New Resene Blackest Black crowned the company's darkest colour offering yet.
Colour theory is an amazing thing, full of brain twisting facts. For example, we talk a lot about the effects that light has on colour, but colour itself is reflected light. And since the colours we see are actually missing the light waves of the hue we think we're looking at. This also means that what we collectively call 'black' is actually the absence of all colours – though not completely, at least in the world of paint.
Resene Group Technical Manager Mike Clowes says a paint colour can only be classified as black if it reflects less than 1% of incident light. Recently, he and his team formulated an even blacker black than Resene Black, the colour that specifiers would previously turn to when only the darkest would do. As it turns out, shaving down that last percentage is a very tricky thing.
Slat wall Resene Blackest Black. Floor in Resene Stepping Stone. Cabinet in Resene Nero. Large vase on cabinet in Resene Element, small vase in Resene Foundry, candle-stick holder in Resene Nero, board in Resene Blackest Black. Chair from Matisse. Rug from Baya. Frame tv from Samsung
"Blackness and light reflection are inversely proportional. The lesser the light reflection from an object, the blacker it is," explains Mike. "Since black pigment is the key component of a black paint colour, a range of parameters such as its particle size, concentration, surface functionalities and stabilisation influence the jetness of the black colour it generates.
Mike says that new products and developments, including the Resene Blackest Black project, are typically the result of a market need or gap. Resene has a long history of responding directly to trade and specifier needs. The decision for the company to begin producing the expanded British Standard colours (also known as BS2660) was driven by a request from an architect, David Launder who had recently returned from the UK and brought the colour chart to Tony Nightingale, who was Managing Director of Resene at the time. David asked if the company could replicate some of the stronger colours, but Tony decided they'd do them all.
Slat wall and side wall in Resene Blackest Black. Floor in Resene Stepping Stone. Cabinet in Resene Nero. Large vase on cabinet in Resene Element, small vase in Resene Foundry, candlestick holder in Resene Nero, board in Resene Blackest Black. Sofa and side table from Matisse. Rug from Baya. Frame tv from Samsung.
"Even if the need is small, Resene's sales and marketing teams may recognise an idea as having potential," says Mike. "Or, as was the case with our Resene Blackest Black technology – which, in this case is pigment technology – it was developed and made available by a raw material supplier. It then becomes our role to identify the potential and progress from there.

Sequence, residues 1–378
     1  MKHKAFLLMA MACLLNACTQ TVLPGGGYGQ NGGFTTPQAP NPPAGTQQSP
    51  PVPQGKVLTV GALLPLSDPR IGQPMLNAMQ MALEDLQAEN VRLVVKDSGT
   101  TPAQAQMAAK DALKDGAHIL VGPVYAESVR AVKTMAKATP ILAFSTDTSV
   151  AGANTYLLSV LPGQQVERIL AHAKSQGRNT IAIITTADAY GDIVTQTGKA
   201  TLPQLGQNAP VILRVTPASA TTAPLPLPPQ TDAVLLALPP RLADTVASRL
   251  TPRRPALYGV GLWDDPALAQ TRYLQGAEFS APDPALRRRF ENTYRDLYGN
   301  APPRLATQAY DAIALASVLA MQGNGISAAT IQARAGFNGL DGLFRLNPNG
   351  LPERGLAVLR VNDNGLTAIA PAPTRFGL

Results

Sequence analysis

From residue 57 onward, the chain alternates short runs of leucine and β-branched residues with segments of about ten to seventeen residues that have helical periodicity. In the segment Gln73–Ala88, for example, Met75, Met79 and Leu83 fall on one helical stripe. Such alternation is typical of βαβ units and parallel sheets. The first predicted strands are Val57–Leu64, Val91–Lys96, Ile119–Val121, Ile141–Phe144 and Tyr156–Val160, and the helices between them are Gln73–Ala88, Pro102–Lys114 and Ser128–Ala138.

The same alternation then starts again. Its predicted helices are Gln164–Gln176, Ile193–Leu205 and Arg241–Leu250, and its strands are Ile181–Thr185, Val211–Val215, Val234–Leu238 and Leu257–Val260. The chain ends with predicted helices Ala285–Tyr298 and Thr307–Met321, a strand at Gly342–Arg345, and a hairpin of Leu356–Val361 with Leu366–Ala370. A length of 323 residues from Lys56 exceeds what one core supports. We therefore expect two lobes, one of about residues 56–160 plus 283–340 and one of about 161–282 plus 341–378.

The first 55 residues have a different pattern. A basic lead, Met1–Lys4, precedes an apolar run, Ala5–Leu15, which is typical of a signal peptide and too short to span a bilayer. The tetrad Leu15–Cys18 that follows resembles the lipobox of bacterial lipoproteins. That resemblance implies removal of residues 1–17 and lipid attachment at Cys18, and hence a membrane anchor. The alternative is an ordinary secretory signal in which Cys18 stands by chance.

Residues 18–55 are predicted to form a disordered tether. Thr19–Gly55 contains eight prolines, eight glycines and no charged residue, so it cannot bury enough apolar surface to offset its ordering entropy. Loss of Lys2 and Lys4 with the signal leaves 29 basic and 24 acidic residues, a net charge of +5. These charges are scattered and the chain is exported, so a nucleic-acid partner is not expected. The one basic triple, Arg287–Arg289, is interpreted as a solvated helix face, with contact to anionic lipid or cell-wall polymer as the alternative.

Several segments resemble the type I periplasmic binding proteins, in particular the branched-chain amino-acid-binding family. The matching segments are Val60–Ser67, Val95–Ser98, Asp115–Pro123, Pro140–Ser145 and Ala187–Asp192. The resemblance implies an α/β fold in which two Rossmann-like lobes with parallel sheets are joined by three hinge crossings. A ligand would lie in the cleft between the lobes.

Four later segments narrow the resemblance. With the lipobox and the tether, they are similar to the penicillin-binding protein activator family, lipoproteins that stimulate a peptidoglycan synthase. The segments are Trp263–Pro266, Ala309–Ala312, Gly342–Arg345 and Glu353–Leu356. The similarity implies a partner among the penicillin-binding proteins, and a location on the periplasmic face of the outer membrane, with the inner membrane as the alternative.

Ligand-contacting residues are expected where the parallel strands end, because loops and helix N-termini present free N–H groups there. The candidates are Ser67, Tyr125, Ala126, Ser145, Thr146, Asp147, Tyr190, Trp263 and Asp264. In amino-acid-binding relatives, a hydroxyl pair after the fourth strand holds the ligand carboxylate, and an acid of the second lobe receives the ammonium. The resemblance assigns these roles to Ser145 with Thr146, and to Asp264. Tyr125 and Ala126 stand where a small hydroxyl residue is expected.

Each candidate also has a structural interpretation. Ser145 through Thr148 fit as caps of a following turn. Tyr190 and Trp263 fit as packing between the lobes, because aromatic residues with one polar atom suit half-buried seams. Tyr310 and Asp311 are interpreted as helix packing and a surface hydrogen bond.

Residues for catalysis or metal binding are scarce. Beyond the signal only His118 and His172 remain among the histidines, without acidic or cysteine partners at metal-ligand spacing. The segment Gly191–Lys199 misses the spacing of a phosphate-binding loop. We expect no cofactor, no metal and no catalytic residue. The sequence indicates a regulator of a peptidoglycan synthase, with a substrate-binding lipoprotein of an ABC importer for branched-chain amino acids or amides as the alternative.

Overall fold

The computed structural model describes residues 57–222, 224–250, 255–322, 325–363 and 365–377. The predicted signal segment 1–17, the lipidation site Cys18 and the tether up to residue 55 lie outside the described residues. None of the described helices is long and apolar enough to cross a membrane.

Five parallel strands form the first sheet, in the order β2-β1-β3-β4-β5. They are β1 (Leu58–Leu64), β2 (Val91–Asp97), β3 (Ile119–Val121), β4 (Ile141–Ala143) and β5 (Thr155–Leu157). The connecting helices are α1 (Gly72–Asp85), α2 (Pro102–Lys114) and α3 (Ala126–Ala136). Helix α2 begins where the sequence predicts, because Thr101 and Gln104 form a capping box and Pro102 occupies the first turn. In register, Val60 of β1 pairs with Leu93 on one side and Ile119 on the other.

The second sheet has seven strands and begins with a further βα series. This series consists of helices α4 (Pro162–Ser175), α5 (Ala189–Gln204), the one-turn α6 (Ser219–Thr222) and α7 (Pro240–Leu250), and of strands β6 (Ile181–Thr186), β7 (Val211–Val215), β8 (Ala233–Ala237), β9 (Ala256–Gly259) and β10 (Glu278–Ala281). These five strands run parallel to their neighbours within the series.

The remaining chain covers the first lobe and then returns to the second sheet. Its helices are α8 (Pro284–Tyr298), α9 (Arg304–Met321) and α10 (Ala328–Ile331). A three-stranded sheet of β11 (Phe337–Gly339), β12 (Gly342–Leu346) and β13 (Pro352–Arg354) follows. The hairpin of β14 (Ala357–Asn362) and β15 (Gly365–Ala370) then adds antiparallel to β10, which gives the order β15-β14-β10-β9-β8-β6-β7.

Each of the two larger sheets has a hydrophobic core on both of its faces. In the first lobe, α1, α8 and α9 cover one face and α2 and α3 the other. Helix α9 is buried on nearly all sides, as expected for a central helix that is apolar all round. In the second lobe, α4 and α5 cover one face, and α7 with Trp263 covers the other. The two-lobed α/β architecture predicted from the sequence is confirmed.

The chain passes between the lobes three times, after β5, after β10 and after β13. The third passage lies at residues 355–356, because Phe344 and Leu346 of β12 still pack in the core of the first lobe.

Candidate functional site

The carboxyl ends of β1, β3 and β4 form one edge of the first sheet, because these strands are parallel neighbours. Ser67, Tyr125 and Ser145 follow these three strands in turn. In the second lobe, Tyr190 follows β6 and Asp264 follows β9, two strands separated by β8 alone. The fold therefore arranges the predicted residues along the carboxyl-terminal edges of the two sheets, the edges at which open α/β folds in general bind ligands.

We are always on the lookout for new colour pigments that will either allow us to move into new colour space or pigments that offer additional benefits. Resene CoolColour technology is very good example of this approach."
Slat wall Resene Blackest Black. Floor in Resene Stepping Stone. Cabinet in Resene Nero. Large vase on cabinet in Resene Element, small vase in Resene Foundry, candle-stick holder in Resene Nero, board in Resene Blackest Black. Chair from Matisse. Rug from Baya. Frame tv from Samsung.
Background and board in Resene Blackest Black. Large vase on side in Resene Element, small vase in Resene Foundry. A4 drawdown paintswatches from left in Resene Nero, Resene Element and Resene Foundry.
For those keen to try Resene Blackest Black on an upcoming project, the colour is initially available in Resene SpaceCote Low Sheen, which was used to make the Blackest Black colour card. Mike says it is likely to be trialled in Resene Super Gloss Waterborne Enamel (which is formulated using novel waterborne alkyd technology) and over the coming months to expand the substrates the colour can be applied to.
Until then, the colour can be topcoated in Resene Concrete Clear satin or gloss for those seeking a different finish. Initially interior applications that will really benefit from the colour's depth, such as windowless theatres and cinemas, are the ideal place to specify it. Feature walls and stable surfaces like steel and concrete are other options, however it is not recommended to be used on surfaces that could warp, such as fences. If a surface such as a wooden front door is fully sheltered from the sun then Resene Blackest Black can make a stunning statement.
Top tip: Resene Blackest Black is available in Resene A4 drawdown paint swatches. Order swatches online at www.resene.com/drawdowns.